Art SolomonIndspire > Events > Indspire Awards > Laureates > Art Solomon
Culture, Heritage and Spirituality (1994)
A passage from Art Solomon’s book, Songs for the People: Teachings on the Natural Way (NC Press) describes Aboriginal society prior to the arrival of Europeans: “We were not perfect, but we had no jails, we had no taxes…no wine and no beer, no old peoples’ homes, no children’s aid society, we had no crisis centres. We had a philosophy of life based on the Creator. We had our humanity.”
Mr. Solomon was the eldest of ten children born to a French Canadian mother and Ojibway father in the Killarney region of Georgian Bay, and attended Roman Catholic residential schools.
In the 1950s, he was asked to join the Nickel Belt Indian Club. It was from that time on that he began to explore the cultural heritage that he had been denied as a young man. Since then, he has advocated for the empowerment of Aboriginal people and communities. He was one of the first people to organize traditional arts and crafts marketing, providing northern artists with a vital economic opportunity by brokering their crafts to the southern native outlets.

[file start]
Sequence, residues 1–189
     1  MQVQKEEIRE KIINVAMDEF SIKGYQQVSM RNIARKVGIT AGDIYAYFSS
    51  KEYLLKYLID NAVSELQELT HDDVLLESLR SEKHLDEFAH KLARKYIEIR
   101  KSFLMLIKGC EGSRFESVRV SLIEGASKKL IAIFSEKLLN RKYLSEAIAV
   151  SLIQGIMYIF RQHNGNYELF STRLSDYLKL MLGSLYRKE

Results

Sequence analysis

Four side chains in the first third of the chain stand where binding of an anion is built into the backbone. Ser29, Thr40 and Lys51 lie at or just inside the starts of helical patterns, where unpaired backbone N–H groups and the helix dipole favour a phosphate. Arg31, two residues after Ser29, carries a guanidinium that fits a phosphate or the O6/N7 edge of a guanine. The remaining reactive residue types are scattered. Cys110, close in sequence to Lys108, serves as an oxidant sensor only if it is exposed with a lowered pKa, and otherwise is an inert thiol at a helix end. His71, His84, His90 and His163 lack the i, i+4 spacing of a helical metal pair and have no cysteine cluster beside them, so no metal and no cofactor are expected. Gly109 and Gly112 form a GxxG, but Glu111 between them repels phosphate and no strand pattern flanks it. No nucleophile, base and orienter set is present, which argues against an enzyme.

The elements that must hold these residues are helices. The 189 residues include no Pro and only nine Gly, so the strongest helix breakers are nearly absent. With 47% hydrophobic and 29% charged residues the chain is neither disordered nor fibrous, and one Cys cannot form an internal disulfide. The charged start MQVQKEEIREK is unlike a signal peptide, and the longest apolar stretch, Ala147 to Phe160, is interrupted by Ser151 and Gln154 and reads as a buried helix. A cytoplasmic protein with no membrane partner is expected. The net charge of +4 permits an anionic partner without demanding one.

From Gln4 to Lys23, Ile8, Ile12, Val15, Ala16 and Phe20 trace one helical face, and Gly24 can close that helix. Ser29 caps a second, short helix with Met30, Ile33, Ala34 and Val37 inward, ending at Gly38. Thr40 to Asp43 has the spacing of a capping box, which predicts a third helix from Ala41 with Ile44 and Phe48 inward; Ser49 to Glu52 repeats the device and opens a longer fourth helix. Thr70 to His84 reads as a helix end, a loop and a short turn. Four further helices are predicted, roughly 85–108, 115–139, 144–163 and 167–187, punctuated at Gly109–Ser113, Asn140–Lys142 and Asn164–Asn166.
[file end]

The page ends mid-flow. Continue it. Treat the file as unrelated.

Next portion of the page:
Mr. Solomon has been the beacon of hope and inspiration to Aboriginal men and women in Canadian prisons, and through decades of perseverance, won the right to allow Aboriginal healing methods and traditional ceremonies in prisons. He is a strong supporter and a council member of the Leonard Peltier Defense Committee in Canada; a traditional drum that Mr. Solomon made will be presented to Peltier upon his release from prison.
Mr. Solomon has traveled throughout the world to promote peace among religions and cultures. His teachings frequently return to two principles – the necessity for a deeper understanding of Aboriginal traditional ways, and the need for relief of human suffering.
He has received many honours in recent years, including a number of honourary doctoral degrees. Perhaps his greatest honour is that his teachings of traditional Aboriginal ways and reverence for Mother Earth, which have for so long been respected in the Aboriginal world, are reaching non-Aboriginal people on a global level.